Another Problem for ObamaCare, or Is It?

In my daily peruse of the medical supply and healthcare world, I received some startling news for thought. If you have a Google Alert set for "ObamaCare" as I do, (but who am I kidding, you don't!), you were alerted this morning to the NBC breaking report that says that the Obama Administration knew, as far back as 2009, that millions of Americans would not be able to keep their current health insurance, as it is, despite their promises of such.  

Now before we all start pulling out our hair and screaming in the streets, Halloween is Thursday remember, let's find out why. The NBC report states: "The law [the Affordable Care Act] states that policies in effect as of March 23, 2010 will be “grandfathered,” meaning consumers can keep those policies even though they don’t meet requirements of the new health care law. But the Department of Health and Human Services then wrote regulations that narrowed that provision, by saying that if any part of a policy was significantly changed since that date -- the deductible, co-pay, or benefits, for example -- the policy would not be grandfathered."

So essentially, your current insurance plan would be honored by ObamaCare unless the private health insurance company made any last minute changes to (in my opinion) benefit themselves once they saw that ObamaCare was going to become law. These changes include raising co-pays, raising deductibles, reducing benefits, etc.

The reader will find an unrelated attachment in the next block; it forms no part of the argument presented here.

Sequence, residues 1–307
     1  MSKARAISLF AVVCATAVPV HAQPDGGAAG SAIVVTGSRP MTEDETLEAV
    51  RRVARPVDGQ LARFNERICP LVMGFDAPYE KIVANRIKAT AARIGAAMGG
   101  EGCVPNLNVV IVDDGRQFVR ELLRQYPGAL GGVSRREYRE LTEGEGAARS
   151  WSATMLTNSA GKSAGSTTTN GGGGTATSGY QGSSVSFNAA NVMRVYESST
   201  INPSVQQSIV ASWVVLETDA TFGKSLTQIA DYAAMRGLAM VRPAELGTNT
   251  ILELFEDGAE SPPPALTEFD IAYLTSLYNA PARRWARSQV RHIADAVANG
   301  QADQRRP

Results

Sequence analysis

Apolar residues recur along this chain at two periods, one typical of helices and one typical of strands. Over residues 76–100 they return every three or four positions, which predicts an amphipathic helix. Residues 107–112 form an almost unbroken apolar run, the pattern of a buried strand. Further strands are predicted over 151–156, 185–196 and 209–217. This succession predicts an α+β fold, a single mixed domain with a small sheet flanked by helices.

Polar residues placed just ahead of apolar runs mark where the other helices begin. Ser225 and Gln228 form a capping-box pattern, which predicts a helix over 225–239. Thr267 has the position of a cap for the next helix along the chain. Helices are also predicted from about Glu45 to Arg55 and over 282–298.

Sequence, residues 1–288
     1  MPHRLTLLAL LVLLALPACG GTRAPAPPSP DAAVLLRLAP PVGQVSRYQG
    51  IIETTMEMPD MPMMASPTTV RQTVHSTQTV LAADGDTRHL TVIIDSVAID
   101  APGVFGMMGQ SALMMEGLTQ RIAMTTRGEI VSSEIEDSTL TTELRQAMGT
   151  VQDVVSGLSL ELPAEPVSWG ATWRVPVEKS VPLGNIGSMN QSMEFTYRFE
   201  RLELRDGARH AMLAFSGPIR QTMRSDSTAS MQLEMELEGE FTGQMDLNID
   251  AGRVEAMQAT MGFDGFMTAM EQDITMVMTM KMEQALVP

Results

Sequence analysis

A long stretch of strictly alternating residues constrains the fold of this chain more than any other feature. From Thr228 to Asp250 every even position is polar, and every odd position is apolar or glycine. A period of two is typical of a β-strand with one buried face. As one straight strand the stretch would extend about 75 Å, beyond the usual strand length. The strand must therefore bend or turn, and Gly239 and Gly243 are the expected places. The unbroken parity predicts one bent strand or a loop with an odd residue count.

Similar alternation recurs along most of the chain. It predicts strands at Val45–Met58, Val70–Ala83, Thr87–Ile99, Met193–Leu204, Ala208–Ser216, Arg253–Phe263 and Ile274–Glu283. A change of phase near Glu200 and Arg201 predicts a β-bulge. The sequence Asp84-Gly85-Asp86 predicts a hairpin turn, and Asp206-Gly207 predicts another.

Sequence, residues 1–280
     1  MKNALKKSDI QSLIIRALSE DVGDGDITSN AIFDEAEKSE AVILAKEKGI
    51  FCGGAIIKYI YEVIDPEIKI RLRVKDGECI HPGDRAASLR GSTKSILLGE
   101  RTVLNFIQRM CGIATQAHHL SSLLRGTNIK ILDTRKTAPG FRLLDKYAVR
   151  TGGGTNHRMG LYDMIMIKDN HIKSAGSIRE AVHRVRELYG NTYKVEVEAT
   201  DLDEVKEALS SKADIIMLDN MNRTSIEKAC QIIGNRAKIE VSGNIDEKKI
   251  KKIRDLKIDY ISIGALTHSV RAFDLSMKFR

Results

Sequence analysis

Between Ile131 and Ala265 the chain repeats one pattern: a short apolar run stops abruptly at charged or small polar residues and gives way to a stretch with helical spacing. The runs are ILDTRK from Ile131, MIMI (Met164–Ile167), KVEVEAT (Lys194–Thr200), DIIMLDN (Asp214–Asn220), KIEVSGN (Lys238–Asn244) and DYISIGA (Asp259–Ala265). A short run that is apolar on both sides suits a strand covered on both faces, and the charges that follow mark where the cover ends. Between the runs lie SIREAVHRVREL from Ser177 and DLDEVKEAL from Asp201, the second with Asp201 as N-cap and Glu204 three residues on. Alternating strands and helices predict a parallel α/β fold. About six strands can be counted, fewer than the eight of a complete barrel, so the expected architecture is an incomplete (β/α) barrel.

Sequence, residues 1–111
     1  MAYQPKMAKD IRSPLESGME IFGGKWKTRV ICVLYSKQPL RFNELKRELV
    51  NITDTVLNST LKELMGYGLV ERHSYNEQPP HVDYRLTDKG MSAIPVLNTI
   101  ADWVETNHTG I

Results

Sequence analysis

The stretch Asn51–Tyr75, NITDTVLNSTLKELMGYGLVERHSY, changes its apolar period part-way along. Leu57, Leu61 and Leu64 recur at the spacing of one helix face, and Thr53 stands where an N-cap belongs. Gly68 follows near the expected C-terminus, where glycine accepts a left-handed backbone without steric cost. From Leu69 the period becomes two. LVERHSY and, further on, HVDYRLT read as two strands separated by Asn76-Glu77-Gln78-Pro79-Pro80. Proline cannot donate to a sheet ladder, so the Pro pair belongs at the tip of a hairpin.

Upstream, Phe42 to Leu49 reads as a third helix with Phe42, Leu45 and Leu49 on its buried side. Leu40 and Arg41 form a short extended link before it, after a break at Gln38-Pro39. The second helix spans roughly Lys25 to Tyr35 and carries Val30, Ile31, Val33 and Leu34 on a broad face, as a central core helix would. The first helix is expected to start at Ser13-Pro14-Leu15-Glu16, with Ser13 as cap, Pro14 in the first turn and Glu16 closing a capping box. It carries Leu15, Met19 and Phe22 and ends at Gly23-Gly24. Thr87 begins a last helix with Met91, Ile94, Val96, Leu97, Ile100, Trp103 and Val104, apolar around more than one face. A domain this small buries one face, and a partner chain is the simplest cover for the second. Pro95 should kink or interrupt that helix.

Now the report, as linked above, does a very good job of providing cases of people who won't benefit from their insurance plans not being grandfathered in but there are no cases of those who would benefit from the change.  They couldn't report on those who will benefit because, obviously, the new ACA won't go into effect until January 1, 2014 and people are still shopping for their plans on the Healthcare Exchange (Note: I recommend you call, not try to browse online).  But like with any great change that affects a numerous body of people, there will always be those who benefit from the change and those who won't.

We can't know if losing your current health plan will be better for you in the long run until the long run, but chew on this:  

Does your current health insurance plan make you feel at peace and secure?

Does it BECAUSE of the fact that it covers all your bases or because of the fact that it's there at all?  

What would you think if suddenly, because this selective "grandfathering" wasn't eliminated that your current plan could give you the boot if, because of a medical crisis, you became too expensive to cover?

Who would be howling in the streets then?

POSTED ON: October 29 2013
Posted by:Su-Lauren Wilson owner,CFO
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